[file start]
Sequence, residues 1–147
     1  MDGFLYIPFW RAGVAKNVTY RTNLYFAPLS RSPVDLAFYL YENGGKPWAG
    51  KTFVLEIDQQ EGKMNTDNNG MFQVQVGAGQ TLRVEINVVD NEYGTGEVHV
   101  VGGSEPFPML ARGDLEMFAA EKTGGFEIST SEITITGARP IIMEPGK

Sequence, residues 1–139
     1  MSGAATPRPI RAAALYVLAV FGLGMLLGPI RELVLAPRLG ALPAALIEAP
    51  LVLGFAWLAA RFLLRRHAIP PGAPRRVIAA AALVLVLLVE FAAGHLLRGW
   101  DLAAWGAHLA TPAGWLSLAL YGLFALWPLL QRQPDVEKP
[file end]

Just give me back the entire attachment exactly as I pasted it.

Sequence, residues 1–147
     1  MDGFLYIPFW RAGVAKNVTY RTNLYFAPLS RSPVDLAFYL YENGGKPWAG
    51  KTFVLEIDQQ EGKMNTDNNG MFQVQVGAGQ TLRVEINVVD NEYGTGEVHV
   101  VGGSEPFPML ARGDLEMFAA EKTGGFEIST SEITITGARP IIMEPGK

Sequence, residues 1–139
     1  MSGAATPRPI RAAALYVLAV FGLGMLLGPI RELVLAPRLG ALPAALIEAP
    51  LVLGFAWLAA RFLLRRHAIP PGAPRRVIAA AALVLVLLVE FAAGHLLRGW
   101  DLAAWGAHLA TPAGWLSLAL YGLFALWPLL QRQPDVEKP